During the civil rights movement, Pete Seeger’s “We Shall Overcome,” Bob Dylan’s “Blowin’ in the Wind,” and Buffy Sainte-Marie’s “Universal Soldier” sparked white and some black antiwar and anti-segregation sentiment. These are the songs that we tie, rightfully, to the movement. Yet it was the driving, ecstatic harmonies of Martha Reeves and the Vandellas and Smokey Robinson and the Miracles that spoke most directly to the power of black music and black art, and it was the sounds of “sweet soul music” that drove the black movements forward. It’s upon these foundations that this week’s mix, People Get Ready, is built.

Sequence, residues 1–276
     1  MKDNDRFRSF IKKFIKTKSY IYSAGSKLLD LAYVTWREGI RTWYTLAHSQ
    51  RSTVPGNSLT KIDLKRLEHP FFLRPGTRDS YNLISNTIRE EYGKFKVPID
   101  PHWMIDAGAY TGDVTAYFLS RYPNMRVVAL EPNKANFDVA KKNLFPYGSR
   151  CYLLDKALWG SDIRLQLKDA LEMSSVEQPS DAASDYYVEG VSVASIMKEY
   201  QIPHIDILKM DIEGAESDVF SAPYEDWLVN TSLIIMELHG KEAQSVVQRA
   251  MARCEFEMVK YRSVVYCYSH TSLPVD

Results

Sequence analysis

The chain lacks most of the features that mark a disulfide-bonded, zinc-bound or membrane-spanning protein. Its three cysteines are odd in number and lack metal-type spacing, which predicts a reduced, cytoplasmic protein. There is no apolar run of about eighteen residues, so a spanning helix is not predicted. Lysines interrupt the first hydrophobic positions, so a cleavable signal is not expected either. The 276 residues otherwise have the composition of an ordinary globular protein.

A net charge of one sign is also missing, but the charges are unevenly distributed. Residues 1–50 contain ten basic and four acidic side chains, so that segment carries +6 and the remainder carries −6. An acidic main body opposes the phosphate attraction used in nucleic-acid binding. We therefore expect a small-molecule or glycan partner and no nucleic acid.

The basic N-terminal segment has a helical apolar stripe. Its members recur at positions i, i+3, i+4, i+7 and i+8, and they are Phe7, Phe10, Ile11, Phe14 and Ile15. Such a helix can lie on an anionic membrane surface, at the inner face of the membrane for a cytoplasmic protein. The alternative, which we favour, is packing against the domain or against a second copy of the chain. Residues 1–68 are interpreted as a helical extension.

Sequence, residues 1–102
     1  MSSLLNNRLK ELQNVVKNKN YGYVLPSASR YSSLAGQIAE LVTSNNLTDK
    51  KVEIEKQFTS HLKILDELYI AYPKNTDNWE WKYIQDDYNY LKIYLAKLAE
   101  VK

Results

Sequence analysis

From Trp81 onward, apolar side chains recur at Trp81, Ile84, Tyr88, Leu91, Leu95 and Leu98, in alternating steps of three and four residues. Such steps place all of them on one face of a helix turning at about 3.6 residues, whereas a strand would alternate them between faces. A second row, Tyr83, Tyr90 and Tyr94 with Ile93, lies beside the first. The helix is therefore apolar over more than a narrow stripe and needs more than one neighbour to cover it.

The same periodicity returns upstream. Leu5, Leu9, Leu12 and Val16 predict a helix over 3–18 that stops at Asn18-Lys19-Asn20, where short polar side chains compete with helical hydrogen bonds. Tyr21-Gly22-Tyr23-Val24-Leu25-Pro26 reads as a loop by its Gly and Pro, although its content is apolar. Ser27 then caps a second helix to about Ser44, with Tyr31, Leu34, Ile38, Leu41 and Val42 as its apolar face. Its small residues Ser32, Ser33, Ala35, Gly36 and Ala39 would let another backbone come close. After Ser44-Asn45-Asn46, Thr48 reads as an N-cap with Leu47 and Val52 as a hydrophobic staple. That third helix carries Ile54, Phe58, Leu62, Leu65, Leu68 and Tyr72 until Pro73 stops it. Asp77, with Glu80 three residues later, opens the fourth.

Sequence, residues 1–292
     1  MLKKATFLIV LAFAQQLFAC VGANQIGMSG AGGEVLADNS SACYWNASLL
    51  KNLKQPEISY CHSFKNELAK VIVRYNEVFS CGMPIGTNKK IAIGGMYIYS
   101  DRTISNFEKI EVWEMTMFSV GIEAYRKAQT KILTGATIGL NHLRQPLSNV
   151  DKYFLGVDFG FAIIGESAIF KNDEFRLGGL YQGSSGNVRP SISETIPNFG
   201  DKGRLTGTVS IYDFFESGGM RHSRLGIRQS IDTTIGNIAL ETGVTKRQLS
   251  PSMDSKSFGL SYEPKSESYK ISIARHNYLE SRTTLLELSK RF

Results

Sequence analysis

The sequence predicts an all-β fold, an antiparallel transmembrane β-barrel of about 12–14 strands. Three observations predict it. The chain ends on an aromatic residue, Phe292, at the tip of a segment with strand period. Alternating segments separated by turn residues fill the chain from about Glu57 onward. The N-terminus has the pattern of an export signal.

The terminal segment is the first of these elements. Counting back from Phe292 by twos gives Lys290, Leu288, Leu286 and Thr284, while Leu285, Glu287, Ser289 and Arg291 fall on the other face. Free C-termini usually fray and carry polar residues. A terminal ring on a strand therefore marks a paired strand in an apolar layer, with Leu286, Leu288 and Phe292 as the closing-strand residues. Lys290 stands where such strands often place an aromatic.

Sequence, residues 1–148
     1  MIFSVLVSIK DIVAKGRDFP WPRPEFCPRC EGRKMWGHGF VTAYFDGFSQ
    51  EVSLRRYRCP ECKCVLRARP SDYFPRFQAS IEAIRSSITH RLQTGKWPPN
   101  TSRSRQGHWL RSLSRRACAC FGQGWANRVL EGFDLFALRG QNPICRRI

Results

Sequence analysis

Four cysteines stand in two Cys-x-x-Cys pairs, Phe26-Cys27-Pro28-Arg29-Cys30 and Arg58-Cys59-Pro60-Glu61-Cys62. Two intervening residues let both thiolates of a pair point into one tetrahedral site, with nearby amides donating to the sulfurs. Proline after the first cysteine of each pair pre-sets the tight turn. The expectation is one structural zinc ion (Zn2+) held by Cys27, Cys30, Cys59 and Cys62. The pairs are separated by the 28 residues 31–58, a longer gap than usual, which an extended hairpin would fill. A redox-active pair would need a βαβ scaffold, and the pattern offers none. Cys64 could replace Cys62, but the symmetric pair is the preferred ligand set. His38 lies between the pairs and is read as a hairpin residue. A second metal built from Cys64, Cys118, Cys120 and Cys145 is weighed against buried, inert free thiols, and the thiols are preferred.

One might think that it makes sense for activists to “stay in their lane,” so to speak. Antirape activists over here. Antiracism activists over there. White women over there. Black men over here. Black women forced to choose sides or try to make it to both if their schedules allow. However, these so-called lanes are really anything but parallel. They exist in not only a tangled network of ideologies, but also a history that so severely enmeshes rape and race that it is difficult, nay impossible, to isolate one from the other.